^ Back to Top
954-260-0805

Many of us remember Columbine as if it was yesterday.

Today, shootings, especially school shootings, are not any easier to hear.

How do we talk to our teens about these tragedies?

It’s time to turn to the experts.

Dr. Michele Borba, a leading educational psychologist shares her 10 Tips to Talk to Kids About Tragedy including her T.A.L.K. model.

T – Talk about the event.

Ensure that your child has accurate information that come from you so as not to develop unfounded fears.

A – Assess how your child is coping.

Every child handles a tragedy differently. There is no predicting. Tune into your child’s feelings and behavior. Watch and listen how he deals with the event so you’ll know how to help him cope and build resilience.

L – Listen to your child’s concerns and questions.

Use the “Talk. Stop. Listen. Talk. Stop. Listen” model as your discuss a tragedy. Listen more than your talk. Follow your child’s lead.

K – Kindle hope that the world will go on despite the horror


Dr. Robyn Silverman is a child and teen development specialist wrote an informative blog post on helping direct parents in try to make sense of this senseless act.

  • Get children mental help when they need it.
  • Do social skills training with kids who are lacking in empathy.
  • Be a mentor or help find a mentor for children who can use some guidance.
  • See children for their strengths, not simply for what they lack.

Read Dr. Robyn’s full post here.


Melissa Fenton, a former librarian, who brought us the compelling essay about parent shaming, “Put Down Your Pitchforks,” nails it again, when she pens on the website Grown and Flown, “Trying to be ‘Perfect’ is Killing Our Teens and We’re to Blame.

Teenagers are suffering from depression and anxiety in record-setting numbers. Stumped researchers, social scientists,  and psychologists have only begun to investigate the causes, many of which they have linked to smart phone and social media use, but is that really it? Could be, seeing as how they’re growing up under a selfie spotlight – with images of perfection constantly loading in their devices – perpetuating the great lie that everyone else has it more together and better than they do.

And we got here when we opened every conversation with our high schoolers about futures, goals, and achievements with the words, “I just want you to succeed,” instead of the words, “I just want you to be happy.”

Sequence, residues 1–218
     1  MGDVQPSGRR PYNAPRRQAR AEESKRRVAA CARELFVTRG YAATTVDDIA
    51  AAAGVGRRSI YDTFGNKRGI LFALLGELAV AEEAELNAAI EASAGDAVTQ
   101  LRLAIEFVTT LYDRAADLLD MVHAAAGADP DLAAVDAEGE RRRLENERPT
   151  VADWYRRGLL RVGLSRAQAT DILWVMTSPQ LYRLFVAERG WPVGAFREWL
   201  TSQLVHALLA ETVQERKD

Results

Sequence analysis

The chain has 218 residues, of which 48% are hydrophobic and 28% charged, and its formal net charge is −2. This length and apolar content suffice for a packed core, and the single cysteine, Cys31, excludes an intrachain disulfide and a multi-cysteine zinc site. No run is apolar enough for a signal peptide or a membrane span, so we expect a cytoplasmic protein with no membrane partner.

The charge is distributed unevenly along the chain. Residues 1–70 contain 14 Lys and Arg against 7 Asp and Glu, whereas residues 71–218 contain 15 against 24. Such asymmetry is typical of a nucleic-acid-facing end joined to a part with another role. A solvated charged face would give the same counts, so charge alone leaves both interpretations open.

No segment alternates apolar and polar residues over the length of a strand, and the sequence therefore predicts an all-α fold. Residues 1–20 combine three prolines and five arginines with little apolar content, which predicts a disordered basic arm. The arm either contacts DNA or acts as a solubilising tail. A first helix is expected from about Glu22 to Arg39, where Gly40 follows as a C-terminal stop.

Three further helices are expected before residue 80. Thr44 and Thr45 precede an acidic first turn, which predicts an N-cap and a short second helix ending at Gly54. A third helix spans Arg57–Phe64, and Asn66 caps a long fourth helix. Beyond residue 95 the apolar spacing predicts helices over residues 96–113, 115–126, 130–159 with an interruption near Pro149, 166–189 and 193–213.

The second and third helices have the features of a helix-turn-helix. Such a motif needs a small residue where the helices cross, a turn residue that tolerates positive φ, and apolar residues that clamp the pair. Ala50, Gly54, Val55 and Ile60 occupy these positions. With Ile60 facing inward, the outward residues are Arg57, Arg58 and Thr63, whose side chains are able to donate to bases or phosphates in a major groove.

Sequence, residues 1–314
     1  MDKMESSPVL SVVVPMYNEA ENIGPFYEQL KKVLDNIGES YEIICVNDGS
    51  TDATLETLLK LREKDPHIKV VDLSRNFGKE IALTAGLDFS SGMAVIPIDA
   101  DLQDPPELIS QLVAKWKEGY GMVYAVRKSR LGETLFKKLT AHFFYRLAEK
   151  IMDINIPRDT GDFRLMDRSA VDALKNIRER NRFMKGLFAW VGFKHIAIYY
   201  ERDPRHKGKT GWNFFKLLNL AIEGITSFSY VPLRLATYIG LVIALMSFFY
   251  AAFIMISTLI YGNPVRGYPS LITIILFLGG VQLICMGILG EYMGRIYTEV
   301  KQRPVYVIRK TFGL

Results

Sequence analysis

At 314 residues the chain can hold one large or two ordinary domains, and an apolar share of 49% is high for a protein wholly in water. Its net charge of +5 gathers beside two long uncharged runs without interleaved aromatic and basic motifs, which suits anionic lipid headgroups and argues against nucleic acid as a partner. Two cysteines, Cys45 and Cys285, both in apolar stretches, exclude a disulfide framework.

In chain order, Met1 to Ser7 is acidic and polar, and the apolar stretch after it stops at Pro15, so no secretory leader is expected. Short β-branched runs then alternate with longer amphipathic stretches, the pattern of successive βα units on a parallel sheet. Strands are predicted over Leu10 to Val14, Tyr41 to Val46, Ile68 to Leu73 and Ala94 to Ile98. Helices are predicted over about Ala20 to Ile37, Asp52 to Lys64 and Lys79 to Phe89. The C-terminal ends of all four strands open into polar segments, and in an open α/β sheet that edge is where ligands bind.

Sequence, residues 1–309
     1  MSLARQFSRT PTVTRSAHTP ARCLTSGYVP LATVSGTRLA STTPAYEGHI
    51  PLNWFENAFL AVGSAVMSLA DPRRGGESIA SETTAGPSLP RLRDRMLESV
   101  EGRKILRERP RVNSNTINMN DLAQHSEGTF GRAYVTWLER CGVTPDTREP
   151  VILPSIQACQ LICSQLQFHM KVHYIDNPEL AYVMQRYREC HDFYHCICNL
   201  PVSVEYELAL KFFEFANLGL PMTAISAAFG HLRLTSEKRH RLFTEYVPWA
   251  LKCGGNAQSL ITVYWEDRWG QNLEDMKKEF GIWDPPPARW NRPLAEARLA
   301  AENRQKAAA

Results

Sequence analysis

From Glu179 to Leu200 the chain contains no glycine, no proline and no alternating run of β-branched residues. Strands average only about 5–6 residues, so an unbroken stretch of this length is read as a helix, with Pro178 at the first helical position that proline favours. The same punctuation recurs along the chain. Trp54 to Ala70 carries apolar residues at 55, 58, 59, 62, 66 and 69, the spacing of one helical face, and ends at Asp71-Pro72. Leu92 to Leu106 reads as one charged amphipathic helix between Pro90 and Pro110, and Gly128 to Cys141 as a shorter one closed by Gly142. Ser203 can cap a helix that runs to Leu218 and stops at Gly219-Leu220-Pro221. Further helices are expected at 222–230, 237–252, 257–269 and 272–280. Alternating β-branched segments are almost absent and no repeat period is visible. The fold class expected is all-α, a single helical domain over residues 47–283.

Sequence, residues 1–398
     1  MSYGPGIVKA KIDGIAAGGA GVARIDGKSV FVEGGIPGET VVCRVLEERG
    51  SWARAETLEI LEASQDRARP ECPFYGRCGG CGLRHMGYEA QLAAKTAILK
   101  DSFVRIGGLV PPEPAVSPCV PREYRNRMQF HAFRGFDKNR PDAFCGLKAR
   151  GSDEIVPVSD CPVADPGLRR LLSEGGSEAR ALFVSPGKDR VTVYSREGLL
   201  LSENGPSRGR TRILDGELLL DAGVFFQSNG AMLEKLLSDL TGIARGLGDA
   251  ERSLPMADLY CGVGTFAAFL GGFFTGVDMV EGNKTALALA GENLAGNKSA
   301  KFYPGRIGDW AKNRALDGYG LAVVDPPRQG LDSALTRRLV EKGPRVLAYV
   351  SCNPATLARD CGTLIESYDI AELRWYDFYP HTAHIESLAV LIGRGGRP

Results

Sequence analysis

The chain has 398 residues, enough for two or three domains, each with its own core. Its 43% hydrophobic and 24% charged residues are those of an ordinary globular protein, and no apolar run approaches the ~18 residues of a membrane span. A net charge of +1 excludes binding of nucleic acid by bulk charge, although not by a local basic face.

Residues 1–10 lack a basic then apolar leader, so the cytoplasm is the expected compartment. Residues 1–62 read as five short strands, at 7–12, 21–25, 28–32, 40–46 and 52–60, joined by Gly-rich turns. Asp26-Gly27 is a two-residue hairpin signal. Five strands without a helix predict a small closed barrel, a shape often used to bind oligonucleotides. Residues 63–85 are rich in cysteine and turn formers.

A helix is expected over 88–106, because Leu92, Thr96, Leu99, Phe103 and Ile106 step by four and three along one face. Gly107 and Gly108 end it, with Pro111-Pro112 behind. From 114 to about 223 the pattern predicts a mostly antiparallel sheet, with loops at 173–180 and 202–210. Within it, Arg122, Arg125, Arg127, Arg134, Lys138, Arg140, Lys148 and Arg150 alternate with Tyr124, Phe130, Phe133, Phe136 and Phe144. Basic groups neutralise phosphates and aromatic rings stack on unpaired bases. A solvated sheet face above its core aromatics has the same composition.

Take time to read this entire essay. It’s a must read and share it with every parent of a teenager.


Do you believe you’re teen needs outside help?  Have you exhausted your local resources?

Contact us for information about residential therapy. Don’t be a parent in denial.

As Featured On

DrPhil_Season_7_title_card1-250x139oprah-logo-250x1091PLATFORMforgoodParentingTodaysKidssunsentinelGaltimeFoxNews1Forbes-Magazine-Logo-Fonthuffington-post-logo
family online safetyTodayMomsusatodaywashpostabcnewsCNN-living1anderson-cooper-360-logo-250x107cbs_eve_logobostonglobe-250x250nbc6newsweek

..and many more.

  • Follow @SueScheff

  • RSS Sue Scheff Blog

    • Critical Thinking: Consequences of What We Post February 28, 2019
      Know that everything you put online (or a device) has the possibility of becoming “Public and Permanent“® – and expression coined perfectly by Richard Guerry, founder of the Institute of Responsible Online and Phone Communication (IROC2). Until 2018, surveys said that colleges, schools and businesses were monitoring candidates and applicants social media posts and contents. […]
    • Cyberbullying: Reporting Online Hate February 18, 2019
      Digital resilience: Becoming a better online reporter. The majority of teens have come across racist or sexist hate speech on social media.  There are five-steps to building digital resilience. Prepare them for the ugly side of social media. Teach them to report, flag and block abusive content. Help them understand that online is not always reality. Critical […]
    • Protecting Your Family’s Digital Identity January 24, 2019
      National Privacy Day: Securing online safety. January 28th celebrates National Data Privacy Day; an event that recognizes the importance of Internet advocacy and data privacy. As a caring parent, nothing is more important than the safety and privacy of your child, both online and off. In this article, we will be sharing information on digital […]

To get help, CLICK HERE or call us at 954-260-0805
P.U.R.E. does not provide legal advice and does not have an attorney on staff.
^ Back to Top
Copyright © 2001-2019 Help Your Teens. Optimized Web Design by SEO Web Mechanics Site Map